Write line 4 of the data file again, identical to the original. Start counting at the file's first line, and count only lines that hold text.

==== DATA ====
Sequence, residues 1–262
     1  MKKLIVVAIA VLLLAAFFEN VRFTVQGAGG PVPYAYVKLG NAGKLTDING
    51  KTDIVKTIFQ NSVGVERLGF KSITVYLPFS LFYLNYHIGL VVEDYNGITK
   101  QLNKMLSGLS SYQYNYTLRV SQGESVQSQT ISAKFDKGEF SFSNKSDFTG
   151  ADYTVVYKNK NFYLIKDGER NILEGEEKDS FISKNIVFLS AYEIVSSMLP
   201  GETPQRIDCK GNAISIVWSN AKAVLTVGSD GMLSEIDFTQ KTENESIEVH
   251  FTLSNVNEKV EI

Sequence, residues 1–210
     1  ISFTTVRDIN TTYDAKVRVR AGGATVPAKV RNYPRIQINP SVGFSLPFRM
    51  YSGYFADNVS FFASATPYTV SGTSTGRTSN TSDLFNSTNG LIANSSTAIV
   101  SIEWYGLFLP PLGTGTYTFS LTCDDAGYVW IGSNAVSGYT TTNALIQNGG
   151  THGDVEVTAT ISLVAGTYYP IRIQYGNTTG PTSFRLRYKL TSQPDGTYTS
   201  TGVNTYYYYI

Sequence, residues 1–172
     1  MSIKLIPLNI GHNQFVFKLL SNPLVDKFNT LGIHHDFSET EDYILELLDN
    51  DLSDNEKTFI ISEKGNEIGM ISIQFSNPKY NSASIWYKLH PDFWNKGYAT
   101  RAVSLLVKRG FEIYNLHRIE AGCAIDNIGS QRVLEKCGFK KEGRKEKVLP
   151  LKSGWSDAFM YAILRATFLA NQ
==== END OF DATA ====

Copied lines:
   101  QLNKMLSGLS SYQYNYTLRV SQGESVQSQT ISAKFDKGEF SFSNKSDFTG